The anti-silencing function 1 (ASF1), as the histone H3-H4 chaperone, was initially identified in yeast . It plays an important role in histone polymerization, transport, modification and other processes, as well as in DNA replication, DNA damage repair and transcriptional regulation [4-7]. Previous studies [8, 9] have shown that ASF1B is dysregulated in multiple malignancies and can regulate cell proliferation, apoptosis and cell cycle. However, its expression pattern, molecular mechanisms and clinical significance in LUAD are not fully understood. Here, we performed a systematic analysis of ASF1B using multiple databases, explored the expression of ASF1B in different cancers and its association with prognosis, and highlighted the importance of ASF1B in LUAD. Moreover, we induced the downregulation and overexpression of ASF1B in LUAD cell lines, examined its effects on the biological behavior of lung cancer cells in vitro, and preliminarily revealed the molecular mechanism that ASF1B can promote malignant behavior of LUAD cells by affecting the phosphorylation of AKT. Finally, we also explored the potential associations between ASF1B expression levels and tumor immune infiltration as well as the efficacy of immunotherapy. Taken all together, our data further confirm the importance of ASF1B in LUAD and provide new insights into the role of ASF1B in the prognosis and immunity in LUAD.
From the Cancer Genome Atlas (TCGA) database (https://cancergenome.nih.gov), we downloaded LUAD data, including the transcriptional profile data of 535 tumor tissues and 35 normal lung tissues and the corresponding clinical data. The LUAD gene expression profiles were also downloaded from the Gene Expression Omnibus (GEO) (https://www.ncbi.nlm.nih.gov/). ASF1B differentially expressed in lung tumor tissues versus normal tissues was examined using the follow three datasets: TCGA-LUAD, GSE10072  and GSE32863 . In order to determine the impact of ASF1B on LUAD prognosis, these datasets including TCGA-LUAD, GSE30219 , GSE31210 [13, 14], GSE42127 [15, 16], GSE68465 , and GSE72094  were employed. We obtained tumor and adjacent tissue specimens from 12 LUAD patients admitted to the Renmin Hospital of Wuhan University in June 2023. Acquisition of these specimens was approved by the Ethical Review Board of Renmin Hospital of Wuhan University (Approval No.: WDRY2023-K112). Furthermore, protein expression difference of ASF1B between lung tumor tissues and normal tissues was validated using the Human Protein Atlas (HPA) database (http://www.proteinatlas.org/) and UALCAN (http://ualcan.path.uab.edu/). In addition, the subcellular proteome of ASF1B was also investigated in the HPA database.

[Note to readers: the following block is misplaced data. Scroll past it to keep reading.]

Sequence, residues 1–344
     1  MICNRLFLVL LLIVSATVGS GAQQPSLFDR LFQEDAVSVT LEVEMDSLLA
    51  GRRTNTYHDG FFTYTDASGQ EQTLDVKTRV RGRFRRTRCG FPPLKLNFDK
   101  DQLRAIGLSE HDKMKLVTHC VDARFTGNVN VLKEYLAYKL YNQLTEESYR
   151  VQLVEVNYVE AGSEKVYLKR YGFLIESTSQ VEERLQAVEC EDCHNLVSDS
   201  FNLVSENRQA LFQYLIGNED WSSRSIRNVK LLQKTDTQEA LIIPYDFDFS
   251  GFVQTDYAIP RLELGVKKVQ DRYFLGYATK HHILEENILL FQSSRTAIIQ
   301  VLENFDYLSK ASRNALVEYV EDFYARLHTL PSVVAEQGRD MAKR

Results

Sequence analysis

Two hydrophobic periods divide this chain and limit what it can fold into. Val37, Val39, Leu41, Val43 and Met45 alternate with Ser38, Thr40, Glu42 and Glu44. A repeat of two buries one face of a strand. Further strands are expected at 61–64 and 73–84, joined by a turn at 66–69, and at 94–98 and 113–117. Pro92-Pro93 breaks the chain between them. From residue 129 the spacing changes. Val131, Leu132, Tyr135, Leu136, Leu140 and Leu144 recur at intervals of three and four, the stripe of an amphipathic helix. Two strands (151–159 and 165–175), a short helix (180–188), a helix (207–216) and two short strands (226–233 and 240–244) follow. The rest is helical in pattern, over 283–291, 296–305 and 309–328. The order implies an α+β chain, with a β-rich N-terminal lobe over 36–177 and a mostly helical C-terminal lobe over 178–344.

ASF1B expression in pan-cancers was explored in TIMER2 database (http://timer.cistrome.org/). The effect of ASF1B on the prognosis of pan-cancer was analyzed in GEPIA2 webserver (http://gepia2.cancer-pku.cn/). The correlation of ASF1B with the immune checkpoint was explored in TISIDB database (http://cis.hku.hk/TISIDB/).